Sometime later today, Pres. Biden will sign a bill, having passed overwhelminmgly in both the House and Senate, to make Juneteenth a national holiday. The House saw only 14 members opposed (one being Tom Tiffany, R-WI 7) and the Senate voted after Sen. Ron Johnson withdrew his opposition to a vote.
Making Juneteenth a national holiday was the right decision.
Of the mere 14 representatives in all the House who opposed the bill, Wisconsin’s delegation had the misfortune of having one such opponent; of all the Senate, Wisconsin had the misfortune (until yesterday) of having the one senator who had blocked previously a vote in that chamber.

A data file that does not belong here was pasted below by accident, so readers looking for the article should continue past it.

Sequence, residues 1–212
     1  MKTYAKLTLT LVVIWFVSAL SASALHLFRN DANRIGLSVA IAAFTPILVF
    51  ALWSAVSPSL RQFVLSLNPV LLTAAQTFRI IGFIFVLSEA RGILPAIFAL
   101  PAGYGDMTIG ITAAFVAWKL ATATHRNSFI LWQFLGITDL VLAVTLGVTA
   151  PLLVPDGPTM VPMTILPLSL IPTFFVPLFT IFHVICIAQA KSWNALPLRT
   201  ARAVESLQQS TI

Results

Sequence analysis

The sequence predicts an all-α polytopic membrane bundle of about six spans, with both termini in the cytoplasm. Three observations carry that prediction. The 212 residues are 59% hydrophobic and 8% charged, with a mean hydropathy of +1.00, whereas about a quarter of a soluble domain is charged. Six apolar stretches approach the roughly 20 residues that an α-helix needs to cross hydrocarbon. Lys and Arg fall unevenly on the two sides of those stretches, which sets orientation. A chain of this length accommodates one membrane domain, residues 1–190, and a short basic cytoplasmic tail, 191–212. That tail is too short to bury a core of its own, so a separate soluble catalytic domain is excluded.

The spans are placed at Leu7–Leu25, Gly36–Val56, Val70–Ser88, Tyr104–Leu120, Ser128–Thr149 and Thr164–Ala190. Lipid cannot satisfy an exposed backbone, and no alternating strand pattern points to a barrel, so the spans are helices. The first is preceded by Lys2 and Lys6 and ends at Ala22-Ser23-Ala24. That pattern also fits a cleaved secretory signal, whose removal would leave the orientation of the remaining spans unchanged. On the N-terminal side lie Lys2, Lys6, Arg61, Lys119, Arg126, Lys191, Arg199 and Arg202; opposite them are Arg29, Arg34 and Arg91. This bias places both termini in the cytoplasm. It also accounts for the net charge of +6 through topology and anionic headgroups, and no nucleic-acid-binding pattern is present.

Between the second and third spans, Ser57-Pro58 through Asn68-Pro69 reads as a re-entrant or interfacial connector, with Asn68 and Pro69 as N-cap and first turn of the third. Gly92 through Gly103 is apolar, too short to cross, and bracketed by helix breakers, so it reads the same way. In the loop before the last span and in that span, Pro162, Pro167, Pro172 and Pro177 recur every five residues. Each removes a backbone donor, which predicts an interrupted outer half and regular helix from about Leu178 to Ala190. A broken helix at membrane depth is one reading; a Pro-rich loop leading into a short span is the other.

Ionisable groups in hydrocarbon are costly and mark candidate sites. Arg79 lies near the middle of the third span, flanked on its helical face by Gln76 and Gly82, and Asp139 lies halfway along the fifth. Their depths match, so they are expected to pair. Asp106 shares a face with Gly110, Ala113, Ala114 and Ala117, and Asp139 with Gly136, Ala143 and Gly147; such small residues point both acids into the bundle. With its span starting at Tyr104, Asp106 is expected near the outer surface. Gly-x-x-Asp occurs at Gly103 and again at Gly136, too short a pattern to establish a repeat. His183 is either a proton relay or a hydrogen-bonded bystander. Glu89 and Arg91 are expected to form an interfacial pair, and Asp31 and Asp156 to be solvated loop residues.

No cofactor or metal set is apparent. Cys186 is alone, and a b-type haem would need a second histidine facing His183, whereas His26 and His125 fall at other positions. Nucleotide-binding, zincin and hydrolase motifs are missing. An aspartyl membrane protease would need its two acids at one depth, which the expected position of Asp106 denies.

Small town governments, like the one in Whitewater, will have to decide (as with other federal holidays) whether and how they should observe the day.
There will be government objections of various kinds about the costs or supposed impracticalities of observing the holiday.
The holiday isn’t, however, worth commemorating because it’s federal – it should be federal because it’s worth commemorating. The same is true for state and local recognition.
Juneteenth is worthy of commemoration, and no one need wait for local politics to acknowledge American history.
One can – and should – celebrate even if no action comes from city hall.